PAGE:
Now we get this highly factual and historical piece that expertly explores all
the facets of the story and reveals inner detail that was lost to the general
observer. The complex nature of the original family of SVrX licenses is a case
in point.

This piece even explains the arguments of BS&F before patiently pointing out
that they are... are... not affirmed.

It starts the SCOG part of the story by relating that SCOG were trying to extort
money from Linux users and that, when Novell, as owners of the copyrights needed
for this business plan, refused to take part, SCOG set out on the path of
baseless, vengeful and malicious litigation against them.

I am in awe that this expert and insightful history is actually intended as
appeal court ruling.

Could my personal prejudice be colouring my evaluation of this work? No, that
could never happen!

---
Regards
Ian Al
Patented inventions must be obvious. You could never work them out from the
patent disclosures.

[ Reply to This | # ]

Big thanks Groklaw and PJ - I feel sorry for SCO staff :(
Authored by: TiddlyPom on Wednesday, August 31 2011 @ 07:28 AM EDT
The SCO case has panned out as all of us thought it would.
  • The winners are the public at large who are using Linux (and derivative like Android) in ever larger numbers.
  • The losers are the somewhat deluded SCO management team (who were themselves hoodwinked by their puppet-masters - whom I don't need to mention ;) )
The really annoying thing is that that adoption of Linux was somewhat slowed down by this whole regrettable saga (whilst certain proprietary software companies laughed behind their hands).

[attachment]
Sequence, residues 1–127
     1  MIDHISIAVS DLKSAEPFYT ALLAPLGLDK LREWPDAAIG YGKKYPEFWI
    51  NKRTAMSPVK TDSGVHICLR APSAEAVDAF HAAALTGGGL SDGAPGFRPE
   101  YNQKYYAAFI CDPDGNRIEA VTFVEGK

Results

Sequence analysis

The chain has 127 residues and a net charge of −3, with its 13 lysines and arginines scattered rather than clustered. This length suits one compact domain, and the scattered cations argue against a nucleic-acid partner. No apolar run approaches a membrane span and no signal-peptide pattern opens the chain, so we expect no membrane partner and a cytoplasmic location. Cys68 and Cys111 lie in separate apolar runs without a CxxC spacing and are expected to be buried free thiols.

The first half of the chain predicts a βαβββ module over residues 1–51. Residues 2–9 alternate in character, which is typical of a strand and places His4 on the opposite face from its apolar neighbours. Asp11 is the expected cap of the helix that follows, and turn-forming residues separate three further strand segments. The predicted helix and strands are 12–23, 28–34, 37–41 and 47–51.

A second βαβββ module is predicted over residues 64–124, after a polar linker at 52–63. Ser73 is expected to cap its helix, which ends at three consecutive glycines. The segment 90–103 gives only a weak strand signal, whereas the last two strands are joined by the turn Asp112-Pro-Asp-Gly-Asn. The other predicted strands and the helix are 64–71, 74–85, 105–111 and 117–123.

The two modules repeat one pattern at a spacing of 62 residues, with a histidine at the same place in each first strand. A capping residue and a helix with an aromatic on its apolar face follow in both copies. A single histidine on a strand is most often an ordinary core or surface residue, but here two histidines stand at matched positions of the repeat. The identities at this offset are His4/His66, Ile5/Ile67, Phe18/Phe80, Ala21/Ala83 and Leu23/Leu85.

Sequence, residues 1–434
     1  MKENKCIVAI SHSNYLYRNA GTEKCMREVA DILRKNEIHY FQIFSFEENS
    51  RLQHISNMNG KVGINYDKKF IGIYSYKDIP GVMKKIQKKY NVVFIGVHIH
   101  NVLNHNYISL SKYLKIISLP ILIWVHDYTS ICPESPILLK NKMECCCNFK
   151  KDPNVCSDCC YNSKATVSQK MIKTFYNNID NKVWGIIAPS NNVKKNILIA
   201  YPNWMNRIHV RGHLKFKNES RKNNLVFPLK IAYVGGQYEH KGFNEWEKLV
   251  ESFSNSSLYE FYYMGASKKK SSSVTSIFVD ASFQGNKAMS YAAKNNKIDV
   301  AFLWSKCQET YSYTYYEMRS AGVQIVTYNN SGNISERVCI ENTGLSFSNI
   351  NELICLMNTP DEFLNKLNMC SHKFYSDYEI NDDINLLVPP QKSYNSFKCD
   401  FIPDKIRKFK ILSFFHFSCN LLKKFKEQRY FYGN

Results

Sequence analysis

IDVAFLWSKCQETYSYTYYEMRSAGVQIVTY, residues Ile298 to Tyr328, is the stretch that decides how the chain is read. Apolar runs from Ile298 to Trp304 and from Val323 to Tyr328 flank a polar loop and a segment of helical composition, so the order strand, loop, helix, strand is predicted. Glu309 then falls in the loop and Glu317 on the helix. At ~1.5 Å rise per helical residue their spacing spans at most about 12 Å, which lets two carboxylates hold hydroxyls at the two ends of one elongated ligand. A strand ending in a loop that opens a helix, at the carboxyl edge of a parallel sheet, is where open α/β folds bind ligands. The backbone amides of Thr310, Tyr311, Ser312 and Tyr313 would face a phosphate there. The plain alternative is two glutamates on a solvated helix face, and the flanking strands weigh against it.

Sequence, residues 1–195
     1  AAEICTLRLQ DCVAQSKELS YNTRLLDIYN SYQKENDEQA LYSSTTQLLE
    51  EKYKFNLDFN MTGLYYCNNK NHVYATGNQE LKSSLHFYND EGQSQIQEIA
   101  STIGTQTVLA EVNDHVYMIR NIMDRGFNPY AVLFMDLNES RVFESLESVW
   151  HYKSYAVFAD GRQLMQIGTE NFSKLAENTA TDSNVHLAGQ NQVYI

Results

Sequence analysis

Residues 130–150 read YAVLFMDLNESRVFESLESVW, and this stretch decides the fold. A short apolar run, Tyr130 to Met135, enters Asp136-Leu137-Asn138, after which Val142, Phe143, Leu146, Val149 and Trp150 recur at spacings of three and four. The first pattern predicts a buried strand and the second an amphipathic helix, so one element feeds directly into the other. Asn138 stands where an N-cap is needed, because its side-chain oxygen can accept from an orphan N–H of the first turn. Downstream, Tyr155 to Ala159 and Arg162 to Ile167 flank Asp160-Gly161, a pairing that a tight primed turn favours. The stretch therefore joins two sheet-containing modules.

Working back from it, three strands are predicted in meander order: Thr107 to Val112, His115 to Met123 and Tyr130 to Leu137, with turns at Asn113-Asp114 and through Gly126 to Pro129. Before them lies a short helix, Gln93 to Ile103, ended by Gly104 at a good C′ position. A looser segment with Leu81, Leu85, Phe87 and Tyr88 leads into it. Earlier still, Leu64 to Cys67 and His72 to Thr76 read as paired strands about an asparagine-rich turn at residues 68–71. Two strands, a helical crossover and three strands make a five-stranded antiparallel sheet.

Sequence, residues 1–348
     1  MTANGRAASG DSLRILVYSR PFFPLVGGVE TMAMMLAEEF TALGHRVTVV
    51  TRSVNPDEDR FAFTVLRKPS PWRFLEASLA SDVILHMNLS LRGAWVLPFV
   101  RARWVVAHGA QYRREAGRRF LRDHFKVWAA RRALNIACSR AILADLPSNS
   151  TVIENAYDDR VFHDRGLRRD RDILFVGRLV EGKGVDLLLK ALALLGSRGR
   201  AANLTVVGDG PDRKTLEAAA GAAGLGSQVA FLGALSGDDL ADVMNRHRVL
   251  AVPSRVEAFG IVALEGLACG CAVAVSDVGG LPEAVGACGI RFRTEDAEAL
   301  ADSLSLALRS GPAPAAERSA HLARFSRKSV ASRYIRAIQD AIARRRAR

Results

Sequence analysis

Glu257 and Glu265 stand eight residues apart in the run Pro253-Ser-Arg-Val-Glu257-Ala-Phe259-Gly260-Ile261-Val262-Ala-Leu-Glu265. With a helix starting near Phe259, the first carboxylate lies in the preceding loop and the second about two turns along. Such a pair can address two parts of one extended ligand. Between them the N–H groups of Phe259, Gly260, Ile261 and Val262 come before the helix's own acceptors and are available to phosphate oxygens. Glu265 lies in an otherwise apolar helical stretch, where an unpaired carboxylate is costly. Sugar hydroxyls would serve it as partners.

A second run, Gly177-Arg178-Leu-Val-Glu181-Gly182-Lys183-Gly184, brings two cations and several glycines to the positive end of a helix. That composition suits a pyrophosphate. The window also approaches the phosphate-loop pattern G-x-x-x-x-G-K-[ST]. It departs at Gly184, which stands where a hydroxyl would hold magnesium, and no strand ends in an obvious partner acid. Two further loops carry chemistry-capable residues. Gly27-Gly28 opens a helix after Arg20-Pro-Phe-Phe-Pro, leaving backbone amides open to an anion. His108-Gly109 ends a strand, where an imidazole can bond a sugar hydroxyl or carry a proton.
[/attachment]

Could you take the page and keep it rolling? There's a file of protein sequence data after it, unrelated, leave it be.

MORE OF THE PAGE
Having used (Old)SCO Unix in the past (before Darl got his hands on its remains) - I do feel sorry for the SCO employees who had their livelihoods destroyed by this process. If Darl/New SCO had co-operated with the open source community then perhaps they would still have had a future.

As others have stated above - this marks the end of one of the first major battles - the war continues on. Microsoft, Oracle and Apple are doing everything they possibly can to prevent Linux (and open source software in general) becoming more popular and (in general) losing every step of the way. Patents are very dangerous but even if Oracle win their current battle, they will ultimately lose the war. What it will do is to make Java much less popular and probably (and ultimately) irrelevant. Try and restrict what people can do with something and people will stop using it. IMHO Google *should* have used Ruby (or Python) instead of Java (on Android) anyway.

Wear that Red Dress with pride PJ - you deserve this day :)

---
Microsoft Software is expensive, bloated, bug-ridden and unnecessary.
Use Open Source Software instead.

[ Reply to This | # ]

When asked for a response
Authored by: Scott_Lazar on Wednesday, August 31 2011 @ 07:32 AM EDT